Bottom Line: Albert Fisher's tough task

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STEPHEN WALLS, executive chairman of Albert Fisher, is working hard to persuade investors that the company has changed. No longer will acquisitions be made for the sake of it; they must help the group achieve a dominant market position. No longer will its collection of businesses be run as individual fiefdoms; they have to be integrated and rationalised.

The City has been sufficiently convinced to send the shares up from 37.5p a year ago to a high of 80p. But yesterday's results gave it pause, and the shares were marked down 5p to 75p as it became clear how hard Mr Walls's task will be.

Headline pre-tax profits rose from pounds 25.9m to pounds 31.5m, but that was due to a halving of losses on disposals. Profits from continuing businesses dropped 9 per cent to pounds 49.5m, despite a pounds 2.5m contribution from acquisitions and an estimated pounds 1.5m currency benefit.

The worst damage was in Europe, where the group suffers most from its reliance on unpredictable commodities such as cockles and apples. Profits from produce dipped pounds 1.1m to pounds 6.4m, despite a pounds 2m boost from the acquisition of Hunter Saphir. The food processing business was hit by everything from a glut of apples to the decline of state fruit concentrate manufacturers in Eastern Europe, and profits fell almost a quarter to pounds 21.5m.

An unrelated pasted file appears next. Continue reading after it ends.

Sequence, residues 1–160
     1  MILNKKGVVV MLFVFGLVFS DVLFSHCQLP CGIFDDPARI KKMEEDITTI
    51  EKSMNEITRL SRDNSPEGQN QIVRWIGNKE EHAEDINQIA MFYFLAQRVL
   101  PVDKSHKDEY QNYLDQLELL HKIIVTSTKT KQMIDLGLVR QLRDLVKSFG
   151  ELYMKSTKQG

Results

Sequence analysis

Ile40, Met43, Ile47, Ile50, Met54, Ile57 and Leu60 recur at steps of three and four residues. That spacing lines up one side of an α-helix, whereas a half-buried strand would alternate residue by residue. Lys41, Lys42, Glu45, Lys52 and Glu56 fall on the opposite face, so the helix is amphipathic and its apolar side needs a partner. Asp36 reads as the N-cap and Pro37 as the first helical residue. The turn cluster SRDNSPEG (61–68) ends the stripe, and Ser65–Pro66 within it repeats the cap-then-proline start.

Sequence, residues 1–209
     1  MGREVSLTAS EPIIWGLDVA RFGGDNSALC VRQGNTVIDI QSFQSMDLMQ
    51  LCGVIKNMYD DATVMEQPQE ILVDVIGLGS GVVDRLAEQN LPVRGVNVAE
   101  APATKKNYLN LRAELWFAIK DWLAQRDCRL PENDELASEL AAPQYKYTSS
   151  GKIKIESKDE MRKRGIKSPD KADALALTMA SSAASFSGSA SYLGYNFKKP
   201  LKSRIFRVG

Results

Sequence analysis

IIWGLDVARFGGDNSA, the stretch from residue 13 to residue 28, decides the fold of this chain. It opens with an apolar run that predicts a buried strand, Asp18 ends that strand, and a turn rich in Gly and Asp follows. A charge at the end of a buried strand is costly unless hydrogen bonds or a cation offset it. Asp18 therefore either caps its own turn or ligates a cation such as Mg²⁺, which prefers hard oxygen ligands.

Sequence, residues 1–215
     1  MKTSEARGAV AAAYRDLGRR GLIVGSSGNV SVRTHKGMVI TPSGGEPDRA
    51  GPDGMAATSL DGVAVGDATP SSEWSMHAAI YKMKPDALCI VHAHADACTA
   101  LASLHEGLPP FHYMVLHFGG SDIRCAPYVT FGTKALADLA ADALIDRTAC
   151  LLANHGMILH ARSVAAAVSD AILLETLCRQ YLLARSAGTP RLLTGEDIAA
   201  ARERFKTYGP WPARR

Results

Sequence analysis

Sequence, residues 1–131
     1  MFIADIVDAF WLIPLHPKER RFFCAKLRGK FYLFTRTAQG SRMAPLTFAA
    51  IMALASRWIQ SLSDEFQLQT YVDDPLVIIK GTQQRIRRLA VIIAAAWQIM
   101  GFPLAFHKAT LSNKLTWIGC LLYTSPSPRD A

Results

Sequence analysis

If Mr Walls achieves his market share ambitions, it will give the group more clout with suppliers and customers but it will not insulate it from the vagaries of the fresh produce market. In the US, where it is the largest processor and distributor to the food service sector, price pressures meant profits grew only marginally.

This year it also has the headache of the pounds 48m redemption of its preference shares. Even after the pounds 20m expected from the flotation of Charles Sidney, gearing will rise from 22 to 36 per cent, although it will enhance earnings. Analysts are forecasting pounds 52m and a dividend again maintained at 3.75p. That puts the shares on a multiple of 13.4p. The 6.25 per cent yield is needed to compensate for the risk.